Friday, June 23, 2017

Postcards from Maine: Along the Way

I'm in a hurry to post some Maine postcards before we take off for another (short) trip in a couple of days. And there's another trip coming up soon after that.

The drive to Southwest Harbor takes a full day because we make several stops for food, shopping, and visiting friends. Here are some postcards from the drive north.

No photos were taken in Freeport, where we split a blueberry frosted donut from Frosty's. It didn't survive long enough for me to get out my iPhone and snap it, partly because my fingers were covered in glaze. As usual, my husband lucked out at the Allen Edmonds outlet, where he often gets great deals. This time we found two beautiful Italian merino sweaters for $34, instead of $175. They came in handy on the island because he hadn't packed enough warm clothing. (I bought a Cuddledown pillow that was so firm it made my ears hurt. I returned it on the drive home.) 

Flowers in a window box in Wiscasset:


We always have lunch at Sprague's in Wiscasset — cheese hot dogs on toasted, buttered buns. I will swear that a Sprague's hot dog instantly cured me from a miserable IBS attack last June. I know that makes no sense, but they are magic to me now. (I did have a superb lobster roll in Bar Harbor on this trip. I have to be in the mood.)


Sprague's is kitschy but nobody cares.


We visited friends in Thomaston who live right on Route 1, in a restored sea captain's house with four cats. They hired a yacht builder to spruce up the interior over many years. Here is their yacht-worthy guest bathroom, which we covet:


The floor is inlaid wood; the ceiling is wood-paneled. Every inch has a perfect, glassy sheen.


The harbor in Camden, where there are always a few old sailing ships:  


Not photographed: At the deli on Maine Street, I got a chocolate-and-mint frosted brownie and my husband got a weighty item that was part brownie, part cookie, and part petrified cookie dough. It took us two days to finish them. Needless to say, we gained a few pounds on this trip and we are appalled. (Here at home yesterday morning, this happened: our digital scale lied to me at first, saying I was five pounds lighter, just where I hoped to be. I was thrilled! Then it corrected itself. I was dashed into the depths of despair.)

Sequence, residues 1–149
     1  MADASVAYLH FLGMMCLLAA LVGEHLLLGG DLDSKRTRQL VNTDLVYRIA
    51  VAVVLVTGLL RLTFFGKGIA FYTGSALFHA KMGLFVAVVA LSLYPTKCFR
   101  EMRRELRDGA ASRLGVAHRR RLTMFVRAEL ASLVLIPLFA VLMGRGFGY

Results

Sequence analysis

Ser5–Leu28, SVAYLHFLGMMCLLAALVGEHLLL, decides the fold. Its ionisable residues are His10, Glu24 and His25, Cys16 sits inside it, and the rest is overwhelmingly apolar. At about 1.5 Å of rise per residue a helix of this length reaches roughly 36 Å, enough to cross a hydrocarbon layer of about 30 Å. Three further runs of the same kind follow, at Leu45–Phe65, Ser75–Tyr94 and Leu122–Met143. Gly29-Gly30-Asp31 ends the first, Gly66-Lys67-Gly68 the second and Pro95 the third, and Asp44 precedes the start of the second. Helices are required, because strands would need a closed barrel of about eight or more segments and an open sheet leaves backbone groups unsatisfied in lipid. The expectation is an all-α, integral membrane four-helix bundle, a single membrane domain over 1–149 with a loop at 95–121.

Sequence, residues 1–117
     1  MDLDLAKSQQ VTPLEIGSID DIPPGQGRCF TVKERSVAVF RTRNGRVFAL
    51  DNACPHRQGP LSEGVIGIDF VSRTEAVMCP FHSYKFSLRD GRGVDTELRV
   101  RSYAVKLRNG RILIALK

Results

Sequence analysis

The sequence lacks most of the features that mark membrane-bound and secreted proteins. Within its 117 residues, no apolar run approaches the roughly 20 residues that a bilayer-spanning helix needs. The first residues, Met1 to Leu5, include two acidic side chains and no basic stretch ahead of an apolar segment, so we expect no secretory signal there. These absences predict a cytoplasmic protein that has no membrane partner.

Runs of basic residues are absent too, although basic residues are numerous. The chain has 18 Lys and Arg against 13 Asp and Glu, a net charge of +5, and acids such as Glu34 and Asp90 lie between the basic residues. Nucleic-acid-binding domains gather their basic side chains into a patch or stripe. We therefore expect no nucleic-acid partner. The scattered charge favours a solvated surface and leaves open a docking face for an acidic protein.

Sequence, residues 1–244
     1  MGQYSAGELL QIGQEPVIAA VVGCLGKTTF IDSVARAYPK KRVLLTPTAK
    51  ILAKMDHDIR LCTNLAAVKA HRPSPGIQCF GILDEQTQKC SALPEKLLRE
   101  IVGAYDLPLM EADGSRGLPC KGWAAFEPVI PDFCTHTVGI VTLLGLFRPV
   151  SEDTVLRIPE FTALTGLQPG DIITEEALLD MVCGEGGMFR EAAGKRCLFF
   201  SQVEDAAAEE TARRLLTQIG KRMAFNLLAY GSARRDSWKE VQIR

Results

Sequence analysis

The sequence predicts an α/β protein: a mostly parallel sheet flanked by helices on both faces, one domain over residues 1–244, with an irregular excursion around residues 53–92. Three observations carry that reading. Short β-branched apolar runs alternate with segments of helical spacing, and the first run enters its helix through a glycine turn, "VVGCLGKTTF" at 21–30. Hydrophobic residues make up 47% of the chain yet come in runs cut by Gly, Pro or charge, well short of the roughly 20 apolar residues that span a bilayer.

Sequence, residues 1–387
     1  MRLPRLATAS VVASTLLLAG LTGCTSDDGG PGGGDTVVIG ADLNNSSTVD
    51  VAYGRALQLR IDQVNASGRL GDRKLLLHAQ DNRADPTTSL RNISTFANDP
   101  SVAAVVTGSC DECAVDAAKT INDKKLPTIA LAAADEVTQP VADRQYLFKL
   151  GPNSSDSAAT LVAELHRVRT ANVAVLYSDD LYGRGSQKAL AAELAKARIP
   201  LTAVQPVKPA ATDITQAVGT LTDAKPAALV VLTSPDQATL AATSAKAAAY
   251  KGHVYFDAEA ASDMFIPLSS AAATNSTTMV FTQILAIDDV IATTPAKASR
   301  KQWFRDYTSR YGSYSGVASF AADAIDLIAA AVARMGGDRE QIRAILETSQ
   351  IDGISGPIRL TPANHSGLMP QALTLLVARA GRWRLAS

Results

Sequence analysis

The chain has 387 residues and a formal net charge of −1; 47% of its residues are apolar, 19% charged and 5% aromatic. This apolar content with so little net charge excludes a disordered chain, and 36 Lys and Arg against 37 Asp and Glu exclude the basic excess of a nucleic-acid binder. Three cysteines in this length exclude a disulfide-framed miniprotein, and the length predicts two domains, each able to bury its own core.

We are trying to do better now.  And that won't last, since we'll be traveling to Pennsylvania Dutch Country soon.

In the meantime, this blog post is heading north:

After Thomaston, I always start fretting aloud about the fate of of the crumbling old house in Searsport. You may remember that we met. Mr. Brown, the owner and toured the interior with him last October. Now that we know that he is actually dismantling it, I was more afraid than ever that there'd be an empty lot in its place. But look — it is still standing, looking quite like its usual decrepit self:


I do miss the two-story addition on the left, which had a deeply bowed roof with an increasingly big hole skylight. But that was already gone last October, when we went inside. Mr. Brown seemed busy, so we didn't stop to chat with him. When we return in August, we hope to talk to him again. I expect we'll see much more demolition, and I don't want to think about it.

It was evening when we arrived in Southwest Harbor. We unpacked, caught up with the innkeepers, and realized we were starving despite having essentially eaten our way north. We went out for sandwiches. We caught this glimpse of the harbor as we walked to Main Street. It turned out to be the only pink sunset of the week:


The inn has nice new mattresses and we slept soundly. More postcards to come.
SaveSave

2 comments:

  1. I'm kinda in love with that bathroom.. impressive.

    I wonder what kind of flowers those are.

    ReplyDelete
  2. I would be intimidated in that fancy bathroom! Love the pink sunset, reflected in the water.

    ReplyDelete

I love getting comments and do my best to follow up if you have a question. I delete spam, attempts to market other websites, and anything nasty or unintelligible. The cats and I thank you for reading — and please do leave a comment that isn't spam, etc.